Over the course of the next 48 hours, he remained hypotensive, hypoxemic, acidotic, and increasingly dys-synchronous with the ventilator. Both peak airway pressures (38 to 42 cm H 2O) and plateau pressures (36 to 38 cm H 2O) remained elevated and the chest radiograph showed bilateral patchy infiltrates consistent with acute respiratory distress syndrome (ARDS), and no pneumothorax. Multiple ventilation modes were attempted, including all available pressure-limiting modes as well as bi-level ventilation and airways pressure release ventilation (APRV) to improve oxygenation and attenuate the high airways pressures. During conventional ventilation, approximately 60 mL per breath of air leak was observed in a right upper quadrant Jackson-Pratt drain, and a persistent air leak of greater than 100 mL/mL breath was found in the right-sided thoracostomy tube that had been placed intra-operatively. A total of four thoracostomy tubes were eventually placed: two at each apex and two at each base. Brochoalveolar lavage (BAL) specimens recovered from the right middle and right lower lobes grew pan-sensitive Escherichia coli. During serial bronchoscopies, no laceration or evidence of fistula could be identified. A CT scan was obtained which showed a large volume pneumoperitoneum, and an old drain exit site near the right upper quadrant was leaking air (Figure 2). A bronchoperitoneal fistula had formed from drain erosion into the diaphragm, connecting the peritoneal and pleural cavities. Due to his severely compromised lung function and progressive hypoxemia (partial pressure of oxygen in the blood (PaO 2) of 54 on 100% fraction of inspired oxygen (FiO 2)), he was sedated, paralyzed, and high-frequency oscillatory ventilation (HFOV) was initiated with a frequency of 5 Hz, FiO 2 of 100%, mean airway pressure (mPaw) of 44 cm H 2O, and oscillation pressure amplitude (ΔP) of 90 cm H 2O. Over the course of four days, the frequency was gradually increased to 10 Hz, the FiO 2 was weaned to 0.4, the mPaw was decreased to 26 cm H 2O, and the ΔP was decreased to 30 cm H 2O. As his oxygenation and hemodynamic status improved, he was removed from HFOV and a left-sided double-lumen tube was inserted to provide differential lung ventilation. After two days of differential ventilation with the right lung receiving a tidal volume of 150 mL, FiO 2 of 40%, PEEP of 0 cm H 2O, with peak inspiratory pressures of 14 to 18 cm H 2O, the air leaks from both the abdominal drain and chest tubes were found to have stopped completely. Our patient received a tracheostomy, mechanical ventilation was eventually discontinued, and the chest tubes were removed. He was discharged home and had a documented full functional recovery with an osteomy takedown completed one year later.


Bronchoperiotoneal fistulas are rare phenomena [ 5]. The connection between the bronchi and peritoneal cavity usually forms in a cephalad direction, however one report has cited a lung abscess as an origin [ 6]. The most common etiologies include subphrenic abscess and iatrogenic percutaneous biliary procedures causing diaphragmatic rupture; however, thoraco-abdominal trauma, malignancy, and suppurative biliary tract obstruction have also been reported [ 2].
To the best of our knowledge, this is the first report of retained drains causing diaphragm erosion and fistula formation. The fistula was recognized in the post-operative period when our patient became increasingly septic with increasing oxygen and vasopressor requirements. The combination of larger-than-expected post-surgical pneumoperitoneum on abdominal CT, and an air leak from an old site, ultimately led to the diagnosis.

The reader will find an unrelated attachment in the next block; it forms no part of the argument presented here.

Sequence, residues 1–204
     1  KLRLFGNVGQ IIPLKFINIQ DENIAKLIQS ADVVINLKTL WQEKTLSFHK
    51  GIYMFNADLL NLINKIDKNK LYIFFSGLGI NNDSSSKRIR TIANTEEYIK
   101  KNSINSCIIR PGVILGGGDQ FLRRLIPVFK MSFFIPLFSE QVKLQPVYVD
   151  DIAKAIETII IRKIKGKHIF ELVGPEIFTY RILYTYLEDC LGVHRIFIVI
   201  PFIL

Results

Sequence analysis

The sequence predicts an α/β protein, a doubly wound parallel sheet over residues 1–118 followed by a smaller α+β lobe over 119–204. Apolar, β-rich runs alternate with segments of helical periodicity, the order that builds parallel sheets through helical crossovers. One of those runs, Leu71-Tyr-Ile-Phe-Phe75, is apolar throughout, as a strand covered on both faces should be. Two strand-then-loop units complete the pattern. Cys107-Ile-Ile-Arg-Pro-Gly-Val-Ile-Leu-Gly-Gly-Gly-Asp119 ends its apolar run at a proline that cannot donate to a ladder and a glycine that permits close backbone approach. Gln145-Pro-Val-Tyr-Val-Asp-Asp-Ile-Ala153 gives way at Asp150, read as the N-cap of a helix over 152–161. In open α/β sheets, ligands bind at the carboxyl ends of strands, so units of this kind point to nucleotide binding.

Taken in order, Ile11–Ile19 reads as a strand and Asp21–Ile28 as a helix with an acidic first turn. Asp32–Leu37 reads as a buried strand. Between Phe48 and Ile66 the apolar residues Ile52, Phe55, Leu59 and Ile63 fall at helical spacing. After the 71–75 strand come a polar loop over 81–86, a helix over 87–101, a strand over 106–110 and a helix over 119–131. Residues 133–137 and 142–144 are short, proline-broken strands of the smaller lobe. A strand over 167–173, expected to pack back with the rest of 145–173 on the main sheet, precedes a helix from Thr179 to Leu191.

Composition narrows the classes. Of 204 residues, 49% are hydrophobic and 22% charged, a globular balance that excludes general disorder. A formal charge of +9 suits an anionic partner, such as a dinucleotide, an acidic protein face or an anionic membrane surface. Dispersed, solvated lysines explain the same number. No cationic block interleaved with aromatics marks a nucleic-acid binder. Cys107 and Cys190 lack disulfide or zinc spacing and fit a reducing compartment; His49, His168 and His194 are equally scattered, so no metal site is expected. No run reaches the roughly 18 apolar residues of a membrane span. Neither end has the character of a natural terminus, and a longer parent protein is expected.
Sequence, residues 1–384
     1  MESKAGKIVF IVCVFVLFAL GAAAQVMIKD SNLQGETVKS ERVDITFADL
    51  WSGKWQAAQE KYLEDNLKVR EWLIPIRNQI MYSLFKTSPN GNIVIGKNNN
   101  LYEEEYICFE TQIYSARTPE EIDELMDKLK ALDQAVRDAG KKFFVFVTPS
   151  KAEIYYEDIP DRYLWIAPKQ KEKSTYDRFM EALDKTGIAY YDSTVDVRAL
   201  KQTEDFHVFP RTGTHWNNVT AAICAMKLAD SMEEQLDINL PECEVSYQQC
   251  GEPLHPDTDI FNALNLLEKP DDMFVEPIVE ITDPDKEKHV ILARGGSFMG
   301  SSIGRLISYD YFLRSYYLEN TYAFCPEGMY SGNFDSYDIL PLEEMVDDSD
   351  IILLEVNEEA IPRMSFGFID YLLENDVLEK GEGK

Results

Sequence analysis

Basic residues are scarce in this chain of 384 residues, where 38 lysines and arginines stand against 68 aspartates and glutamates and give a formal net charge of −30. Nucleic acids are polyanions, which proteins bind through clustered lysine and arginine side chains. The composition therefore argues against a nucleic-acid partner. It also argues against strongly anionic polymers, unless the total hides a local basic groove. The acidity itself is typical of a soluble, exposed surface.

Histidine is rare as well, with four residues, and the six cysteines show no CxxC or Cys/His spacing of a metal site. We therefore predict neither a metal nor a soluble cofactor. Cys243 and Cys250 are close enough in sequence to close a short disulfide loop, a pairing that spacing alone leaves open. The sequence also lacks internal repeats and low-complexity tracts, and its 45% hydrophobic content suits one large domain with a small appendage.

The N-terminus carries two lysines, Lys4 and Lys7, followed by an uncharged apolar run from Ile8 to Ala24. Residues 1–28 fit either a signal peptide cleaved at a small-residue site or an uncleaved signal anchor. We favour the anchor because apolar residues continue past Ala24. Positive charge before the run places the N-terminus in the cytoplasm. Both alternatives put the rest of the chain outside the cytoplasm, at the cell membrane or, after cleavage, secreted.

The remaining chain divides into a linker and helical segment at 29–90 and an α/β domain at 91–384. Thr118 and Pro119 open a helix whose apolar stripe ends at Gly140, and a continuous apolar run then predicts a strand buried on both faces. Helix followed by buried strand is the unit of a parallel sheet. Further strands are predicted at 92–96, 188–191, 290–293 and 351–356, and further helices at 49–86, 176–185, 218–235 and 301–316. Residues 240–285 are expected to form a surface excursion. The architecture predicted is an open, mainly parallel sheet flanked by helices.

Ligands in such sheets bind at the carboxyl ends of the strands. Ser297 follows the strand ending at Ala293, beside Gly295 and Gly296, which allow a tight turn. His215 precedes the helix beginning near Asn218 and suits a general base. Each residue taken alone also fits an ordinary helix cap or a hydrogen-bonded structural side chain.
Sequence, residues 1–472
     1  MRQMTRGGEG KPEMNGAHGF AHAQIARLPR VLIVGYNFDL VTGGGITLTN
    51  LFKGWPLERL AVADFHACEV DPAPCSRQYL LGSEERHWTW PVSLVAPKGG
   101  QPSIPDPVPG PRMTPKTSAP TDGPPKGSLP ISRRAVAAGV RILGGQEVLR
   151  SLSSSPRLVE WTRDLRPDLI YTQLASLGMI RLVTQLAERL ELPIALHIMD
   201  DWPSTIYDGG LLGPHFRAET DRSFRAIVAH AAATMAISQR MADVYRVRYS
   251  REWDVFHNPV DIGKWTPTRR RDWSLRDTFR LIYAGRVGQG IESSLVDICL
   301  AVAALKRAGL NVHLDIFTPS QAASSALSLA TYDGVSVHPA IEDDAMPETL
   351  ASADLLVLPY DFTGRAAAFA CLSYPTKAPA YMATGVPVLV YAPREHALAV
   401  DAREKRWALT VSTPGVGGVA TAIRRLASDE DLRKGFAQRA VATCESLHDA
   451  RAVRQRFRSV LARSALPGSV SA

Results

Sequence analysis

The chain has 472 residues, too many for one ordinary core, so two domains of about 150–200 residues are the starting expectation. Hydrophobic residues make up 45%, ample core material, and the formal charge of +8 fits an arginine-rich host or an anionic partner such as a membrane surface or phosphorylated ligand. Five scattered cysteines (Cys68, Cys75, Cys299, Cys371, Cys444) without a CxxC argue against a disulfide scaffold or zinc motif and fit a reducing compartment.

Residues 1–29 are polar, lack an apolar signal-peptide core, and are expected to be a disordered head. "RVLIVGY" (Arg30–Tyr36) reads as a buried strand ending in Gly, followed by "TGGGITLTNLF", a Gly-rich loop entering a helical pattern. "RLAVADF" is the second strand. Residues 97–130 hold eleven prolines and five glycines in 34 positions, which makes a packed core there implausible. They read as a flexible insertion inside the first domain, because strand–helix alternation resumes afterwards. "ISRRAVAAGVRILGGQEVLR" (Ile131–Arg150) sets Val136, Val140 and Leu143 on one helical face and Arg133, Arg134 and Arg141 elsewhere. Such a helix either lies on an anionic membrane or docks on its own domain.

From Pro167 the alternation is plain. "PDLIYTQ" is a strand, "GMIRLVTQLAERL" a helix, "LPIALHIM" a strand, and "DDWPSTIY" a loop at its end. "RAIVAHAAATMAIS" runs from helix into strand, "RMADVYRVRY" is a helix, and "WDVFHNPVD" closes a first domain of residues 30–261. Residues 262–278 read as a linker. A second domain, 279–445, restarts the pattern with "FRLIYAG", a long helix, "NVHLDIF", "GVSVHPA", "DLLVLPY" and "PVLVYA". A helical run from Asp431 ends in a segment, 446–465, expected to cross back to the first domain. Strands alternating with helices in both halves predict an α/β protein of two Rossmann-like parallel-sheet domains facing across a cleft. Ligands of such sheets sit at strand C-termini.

In our patient, healing of the fistula was accomplished by employing the same strategy used to treat bronchopleural fistulas. Both HFOV and differential ventilation have been used as novel methods for managing ventilation in patients with bronchopleural fistulas [ 710]. In this case, HFOV was initially utilized to improve oxygenation, limit further barotrauma, decrease air leak, and eventually, lower peak airway pressures. Limited data on the use of HFOV indicate that this technique has been used successfully in the past for bronchopleural fistulas [ 8, 9, 1113]. Purported beneficial mechanisms include a decreased risk of air trapping, less distension of airspaces, and better lung protection in patients with acute lung injury [ 11, 12]. In patients with a bronchopleural fistula and acute lung injury, the fistula provides a low impedance pathway to airflow, resulting in a large air leak [ 12]. If ventilatory frequency is increased, the contribution of compliance to the impedance pathway decreases, thereby attenuating the degree of air leak [ 12]. Airflow was later limited through the tract via a double lumen endotracheal tube allowing for tract closure. This brief period of differential lung ventilation likely helped decrease airway pressures on the right, allowing the diaphragmatic and bronchopleural defects to close. With more severe bronchoperitoneal fistulas and larger diaphragmatic defects, treatment may require debridement of bronchopulmonary tissue, repair of diaphragmatic perforations, drainage of any subphrenic infected space, and antibiotics. Cases of bronchoperitoneal fistulas due to subphrenic abscess often require surgery. Treatment may include debridement of bronchopulmonary tissue, repair of diaphragmatic perforations, drainage of subphrenic infected space and adequate antibiotics. In cases of bronchobiliary fistulas due to iatrogenic biliary trauma, one of the primary goals of treatment includes relief of biliary obstruction if present. Early recognition and proper surgical management are necessary to prevent morbidity and mortality.


Bronchoperitoneal fistulas, while rare, can be life-threatening. This case highlights the importance of patient education and follow-up for traumatically injured patients. Bronchoperitoneal fistulas may also be difficult to diagnose, and when identified, the patient may present in extremis. We describe the use of advanced ventilatory techniques that may be employed to allow the fistula to heal.


Written informed consent was obtained from the patient for publication of this case report and any accompanying images. A copy of the written consent is available for review by the Editor-in-Chief of this journal.


SG is funded by a National Institutes of Health Ruth Kirschstein T-32 training grant.

Competing interests

The authors declare that they have no competing interests.

Authors' contributions

CP and SG analyzed and interpreted the data from our patient regarding the surgical procedure, history, and intensive care unit course. All authors read and approved the final manuscript.